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Accelerating or Decelerating Expansion?

  1. Jan 22, 2016 #1
    The farther out we look, the faster the galaxies are moving away from us. Closer galaxies are moving away from us, but not as quickly. We reason that when they're as far away as the more distant ones, they'll be going that fast, too. So we infer that the universe's expansion is accelerating. Sounds perfectly reasonable. But, the farther we look out into space, the farther back we look in time, and so we could just as easily say, the farther in the past we look, the faster the galaxies were moving away from us, and when we look into the more recent past, the galaxies were moving away from us more slowly. Isn't that enough to infer that the universe's expansion is decelerating? Faster billions of years ago, slower millions of years ago. Sounds like deceleration. I'm not really casting doubt on modern physics. I'm just asking how we know it's the one and not the other when distance in space is also distance in time? In fact, how do we know that the Big Crunch isn't already happening, but we don't know it because we're getting all this old light, light that left those galaxies before they stopped moving away from us and starting plunging toward us? Again, I don't actually doubt that modern science can answer this question. I'm earnestly looking for those answers :)
     
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  3. Jan 22, 2016 #2

    Orodruin

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    Cosmological redshift is a measure of the relative size of the universe between the time of emission and the time of measurement. It is not dependent on the expansion rate in the same way as Doppler shift depends on relative velocity.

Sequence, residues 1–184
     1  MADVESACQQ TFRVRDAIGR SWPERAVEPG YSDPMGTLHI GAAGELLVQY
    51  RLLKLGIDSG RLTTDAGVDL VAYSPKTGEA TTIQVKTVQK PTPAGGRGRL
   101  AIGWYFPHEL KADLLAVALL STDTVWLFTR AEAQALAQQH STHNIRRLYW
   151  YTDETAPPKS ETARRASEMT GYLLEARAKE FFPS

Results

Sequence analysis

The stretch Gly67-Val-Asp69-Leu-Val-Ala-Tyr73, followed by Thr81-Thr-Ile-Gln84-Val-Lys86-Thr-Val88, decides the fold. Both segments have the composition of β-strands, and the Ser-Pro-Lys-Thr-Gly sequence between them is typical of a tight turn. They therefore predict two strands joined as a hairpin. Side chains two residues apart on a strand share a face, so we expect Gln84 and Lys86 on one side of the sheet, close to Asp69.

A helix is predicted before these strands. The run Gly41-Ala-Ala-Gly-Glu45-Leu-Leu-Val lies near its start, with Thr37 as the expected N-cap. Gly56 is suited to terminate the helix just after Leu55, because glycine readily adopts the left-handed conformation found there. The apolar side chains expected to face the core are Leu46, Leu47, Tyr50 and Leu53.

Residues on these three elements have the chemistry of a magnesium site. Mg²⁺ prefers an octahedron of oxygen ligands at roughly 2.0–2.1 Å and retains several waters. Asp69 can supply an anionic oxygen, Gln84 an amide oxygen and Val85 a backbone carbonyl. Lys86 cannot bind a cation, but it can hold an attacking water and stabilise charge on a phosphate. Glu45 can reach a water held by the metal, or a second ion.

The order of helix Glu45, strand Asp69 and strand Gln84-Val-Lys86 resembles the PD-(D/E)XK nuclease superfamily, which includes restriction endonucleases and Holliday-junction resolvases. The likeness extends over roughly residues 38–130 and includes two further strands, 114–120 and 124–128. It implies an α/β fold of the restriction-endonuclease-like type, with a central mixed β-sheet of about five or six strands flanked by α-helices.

4. Jan 22, 2016 #3
    So, it's a measure of relative size and it's independent of relative velocity. So it's not telling us that more distant objects are moving away from us faster than closer ones are, because that would be telling us about their relative velocity. Instead, it's telling us that the relative size of the space separating those distant objects from us is exponentially larger than the distance separating the closer objects from us? Do I have that distinction right?
     
  5. Jan 22, 2016 #4

    Orodruin

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    In a global setting, the term "relative velocity" is not even well defined (due to space-time being curved). That being said and oversimplifying the issue a bit, you will have both effects. You have the cosmological redshift due to the universe growing (note that this growth is not really due to things having a relative velocity) and the Doppler shift due to things moving with respect to the cosmological preferred frame.
    Under the assumption that the universe is homogeneous, it was always smaller at earlier times. Therefore it has grown more since the "older" light was emitted and it is therefore more redshifted.
     
  6. Jan 22, 2016 #5
    I think I get it. Doppler effects are still incurred given that the galaxy is still moving around relative to, say, its local group, but the cosmological redshift is something caused by the expansion of space.

    So the redshift is a record of the growth undergone by space since the time of emission to the time of measurement, such that, even if the expansion were to have, hypothetically, stopped and reverted to contraction in the time since the emission of the light and its later measurement, then even that would've left its mark on the light as a detectable (cosmological) blueshift, even though the universe was expanding at the time of emission. Am I getting closer?
     
  7. Jan 22, 2016 #6

    Orodruin

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    Yes, wheter the cosmological shift is a blueshift or a redshift only depends on the relative size of the universe. If the universe would have been larger at the time of emission, it would result in a blueshift. The effect does not depend on how the expansion occurred in between those times, it might have expanded to contract again or just contracted. You need to look at the redshift of objects at varying distances to infer the expansion history. (Note! Of course, our universe has not been contracting, so we do not observe any cosmological blueshift.)
     
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